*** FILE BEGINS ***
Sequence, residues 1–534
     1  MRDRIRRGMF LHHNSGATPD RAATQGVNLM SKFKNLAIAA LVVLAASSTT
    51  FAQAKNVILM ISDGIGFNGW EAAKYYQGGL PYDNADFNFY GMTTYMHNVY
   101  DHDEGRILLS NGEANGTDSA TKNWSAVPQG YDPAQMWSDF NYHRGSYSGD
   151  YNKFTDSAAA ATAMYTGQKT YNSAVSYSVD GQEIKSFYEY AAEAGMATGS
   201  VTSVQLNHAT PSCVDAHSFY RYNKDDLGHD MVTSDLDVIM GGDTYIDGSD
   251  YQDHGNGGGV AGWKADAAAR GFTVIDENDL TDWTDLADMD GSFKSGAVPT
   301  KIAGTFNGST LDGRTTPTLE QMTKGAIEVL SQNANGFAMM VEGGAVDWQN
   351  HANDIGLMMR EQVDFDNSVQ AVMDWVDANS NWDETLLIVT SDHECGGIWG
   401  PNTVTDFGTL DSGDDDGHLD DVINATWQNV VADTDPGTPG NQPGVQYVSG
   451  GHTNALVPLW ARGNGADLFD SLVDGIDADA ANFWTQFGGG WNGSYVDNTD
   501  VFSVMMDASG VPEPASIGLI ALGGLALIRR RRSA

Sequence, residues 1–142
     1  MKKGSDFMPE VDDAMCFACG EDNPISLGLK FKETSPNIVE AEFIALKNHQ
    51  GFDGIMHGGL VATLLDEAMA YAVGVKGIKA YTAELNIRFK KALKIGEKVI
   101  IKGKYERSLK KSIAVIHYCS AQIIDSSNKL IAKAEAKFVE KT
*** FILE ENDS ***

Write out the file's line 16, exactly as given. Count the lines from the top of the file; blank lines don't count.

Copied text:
   101  IKGKYERSLK KSIAVIHYCS AQIIDSSNKL IAKAEAKFVE KT